Vacant for most of the years since then, the Rail and Commerce Building was condemned to be torn down when Crane and his team found it. “It was a cold, dilapidated shell on the inside. But the building itself, the structure was very sound,” Crane says. “We restored the façade and we completely cleaned out the inside and made it new. It was a historical preservation project, so we worked with the Nebraska Historical Society and also the National Park Service. We were able to preserve a lot of the neat historical aspects of the building.”

Building a new edifice for Boyd Jones’ headquarters was only a fleeting thought for Crane.

“It’s very important to remember where you come from—to embrace the past, but adapt it to the future,” Crane says. “Change doesn’t have to mean destruction. It can mean evolution.”

The location in Little Italy attracted Crane. He guessed it would attract others as well. The lower level of the Rail and Commerce Building houses the roughly 20,000-square-foot Commerce Village coworking space. With 16 private suites and 50 desks, it offers a variety of systems for renters: closed-door offices, set desks, floater desks, or one-day drop-ins.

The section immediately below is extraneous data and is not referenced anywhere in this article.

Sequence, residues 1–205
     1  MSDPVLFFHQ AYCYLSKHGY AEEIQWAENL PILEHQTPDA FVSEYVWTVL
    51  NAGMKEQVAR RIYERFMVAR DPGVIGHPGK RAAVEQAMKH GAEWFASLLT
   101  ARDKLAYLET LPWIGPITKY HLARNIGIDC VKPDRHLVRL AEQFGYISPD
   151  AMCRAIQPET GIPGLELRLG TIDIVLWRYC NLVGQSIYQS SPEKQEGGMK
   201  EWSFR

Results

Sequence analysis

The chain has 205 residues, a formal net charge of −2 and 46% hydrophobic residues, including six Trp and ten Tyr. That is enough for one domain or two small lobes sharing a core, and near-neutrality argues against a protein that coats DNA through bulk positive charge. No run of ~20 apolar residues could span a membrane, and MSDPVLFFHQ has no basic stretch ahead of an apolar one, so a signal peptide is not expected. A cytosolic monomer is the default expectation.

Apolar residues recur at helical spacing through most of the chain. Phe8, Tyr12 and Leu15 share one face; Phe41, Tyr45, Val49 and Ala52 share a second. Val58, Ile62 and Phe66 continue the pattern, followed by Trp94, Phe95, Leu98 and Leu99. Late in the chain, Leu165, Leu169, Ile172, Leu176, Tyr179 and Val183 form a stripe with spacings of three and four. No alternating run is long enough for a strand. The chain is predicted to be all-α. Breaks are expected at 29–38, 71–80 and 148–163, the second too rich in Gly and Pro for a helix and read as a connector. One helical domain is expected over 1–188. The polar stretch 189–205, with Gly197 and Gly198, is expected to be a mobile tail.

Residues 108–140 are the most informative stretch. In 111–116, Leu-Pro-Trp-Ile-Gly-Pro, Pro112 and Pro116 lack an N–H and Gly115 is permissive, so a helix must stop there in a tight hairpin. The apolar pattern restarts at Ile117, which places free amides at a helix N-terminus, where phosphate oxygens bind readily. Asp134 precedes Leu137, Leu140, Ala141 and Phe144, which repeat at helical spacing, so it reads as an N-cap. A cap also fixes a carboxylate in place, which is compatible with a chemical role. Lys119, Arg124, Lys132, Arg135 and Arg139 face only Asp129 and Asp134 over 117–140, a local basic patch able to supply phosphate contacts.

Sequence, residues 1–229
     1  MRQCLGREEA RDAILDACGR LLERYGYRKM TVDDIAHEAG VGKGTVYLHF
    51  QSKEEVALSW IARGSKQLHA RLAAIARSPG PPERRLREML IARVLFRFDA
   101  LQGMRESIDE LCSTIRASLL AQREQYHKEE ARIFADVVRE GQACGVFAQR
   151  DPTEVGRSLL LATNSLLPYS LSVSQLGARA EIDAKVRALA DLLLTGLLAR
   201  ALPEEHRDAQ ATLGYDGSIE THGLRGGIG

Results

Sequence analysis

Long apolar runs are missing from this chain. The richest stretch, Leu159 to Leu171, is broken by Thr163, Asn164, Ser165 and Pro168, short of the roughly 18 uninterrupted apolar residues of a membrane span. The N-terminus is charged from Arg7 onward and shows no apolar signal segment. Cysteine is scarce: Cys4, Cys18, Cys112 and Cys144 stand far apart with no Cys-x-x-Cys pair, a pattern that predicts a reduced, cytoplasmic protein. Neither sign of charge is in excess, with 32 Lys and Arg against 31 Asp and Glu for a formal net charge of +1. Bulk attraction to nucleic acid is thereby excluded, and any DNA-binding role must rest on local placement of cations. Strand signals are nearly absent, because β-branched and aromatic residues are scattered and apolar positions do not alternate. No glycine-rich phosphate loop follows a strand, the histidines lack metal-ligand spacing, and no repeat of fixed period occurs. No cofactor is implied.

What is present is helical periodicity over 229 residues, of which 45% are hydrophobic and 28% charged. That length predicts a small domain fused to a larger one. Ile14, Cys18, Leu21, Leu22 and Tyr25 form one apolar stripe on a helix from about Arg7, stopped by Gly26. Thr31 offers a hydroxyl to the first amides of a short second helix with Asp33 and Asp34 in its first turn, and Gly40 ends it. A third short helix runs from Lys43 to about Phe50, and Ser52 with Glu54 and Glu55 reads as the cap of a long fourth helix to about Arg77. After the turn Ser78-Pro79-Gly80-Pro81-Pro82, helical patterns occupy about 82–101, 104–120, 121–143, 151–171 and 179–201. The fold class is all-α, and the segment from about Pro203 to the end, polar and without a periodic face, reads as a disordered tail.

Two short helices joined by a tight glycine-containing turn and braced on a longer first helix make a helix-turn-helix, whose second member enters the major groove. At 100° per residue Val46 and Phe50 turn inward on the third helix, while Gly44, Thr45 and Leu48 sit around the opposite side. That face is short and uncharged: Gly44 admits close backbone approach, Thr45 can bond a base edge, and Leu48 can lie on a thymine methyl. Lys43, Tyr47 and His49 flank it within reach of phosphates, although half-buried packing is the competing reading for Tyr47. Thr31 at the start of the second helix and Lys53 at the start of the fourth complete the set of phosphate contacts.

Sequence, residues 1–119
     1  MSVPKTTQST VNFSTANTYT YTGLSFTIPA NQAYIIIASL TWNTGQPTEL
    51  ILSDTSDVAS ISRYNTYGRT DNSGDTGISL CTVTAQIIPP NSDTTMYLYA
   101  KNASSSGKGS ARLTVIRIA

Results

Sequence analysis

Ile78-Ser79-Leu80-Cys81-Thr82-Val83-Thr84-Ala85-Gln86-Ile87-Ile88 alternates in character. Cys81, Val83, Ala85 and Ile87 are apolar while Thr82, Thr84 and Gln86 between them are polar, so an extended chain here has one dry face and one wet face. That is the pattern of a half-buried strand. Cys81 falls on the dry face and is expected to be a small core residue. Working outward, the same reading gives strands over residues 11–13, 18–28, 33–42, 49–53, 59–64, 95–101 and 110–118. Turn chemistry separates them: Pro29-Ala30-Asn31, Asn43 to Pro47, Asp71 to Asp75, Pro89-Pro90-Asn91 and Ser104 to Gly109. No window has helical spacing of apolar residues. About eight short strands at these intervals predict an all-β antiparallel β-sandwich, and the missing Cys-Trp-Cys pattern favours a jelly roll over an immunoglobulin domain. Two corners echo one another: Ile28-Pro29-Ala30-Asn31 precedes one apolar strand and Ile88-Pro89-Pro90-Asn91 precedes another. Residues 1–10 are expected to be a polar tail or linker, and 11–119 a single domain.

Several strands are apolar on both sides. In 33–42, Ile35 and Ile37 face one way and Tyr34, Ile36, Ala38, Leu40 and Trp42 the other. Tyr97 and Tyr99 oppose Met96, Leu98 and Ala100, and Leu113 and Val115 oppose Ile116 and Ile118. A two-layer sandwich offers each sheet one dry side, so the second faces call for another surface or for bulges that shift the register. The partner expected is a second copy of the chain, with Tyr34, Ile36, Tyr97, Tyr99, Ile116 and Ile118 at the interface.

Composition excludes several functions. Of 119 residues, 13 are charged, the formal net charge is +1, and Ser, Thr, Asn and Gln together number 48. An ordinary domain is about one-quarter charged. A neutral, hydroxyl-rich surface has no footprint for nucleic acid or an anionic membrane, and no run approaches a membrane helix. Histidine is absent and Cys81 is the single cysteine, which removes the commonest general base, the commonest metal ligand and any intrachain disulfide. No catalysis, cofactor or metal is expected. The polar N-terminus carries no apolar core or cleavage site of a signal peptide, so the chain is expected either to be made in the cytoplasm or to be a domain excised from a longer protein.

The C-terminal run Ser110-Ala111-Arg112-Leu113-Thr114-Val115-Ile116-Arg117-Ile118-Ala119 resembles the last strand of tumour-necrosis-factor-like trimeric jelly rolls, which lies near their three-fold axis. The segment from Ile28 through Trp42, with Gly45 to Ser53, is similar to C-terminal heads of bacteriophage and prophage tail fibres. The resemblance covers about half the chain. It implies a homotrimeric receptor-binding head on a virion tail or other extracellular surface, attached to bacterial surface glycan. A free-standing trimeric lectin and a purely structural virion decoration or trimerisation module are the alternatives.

For the planning of Commerce Village, Crane brought in Matt Dougherty, who had prior experience with collaborative workspaces. His eight spaces at the Ford Building at 10th and Dodge streets “went so fast it became clear there is a real need for this type of incubator space,” says Dougherty. In his insurance business, he’s seeing a sort of “small business renaissance”—a trend of wanting to work for yourself rather than someone else.

That fit just right with Boyd Jones. “One of the values of our company is entrepreneurship,” Crane says. “We wanted an office space that would attract entrepreneurs and start-up companies—a collaborative atmosphere for collaborative people.”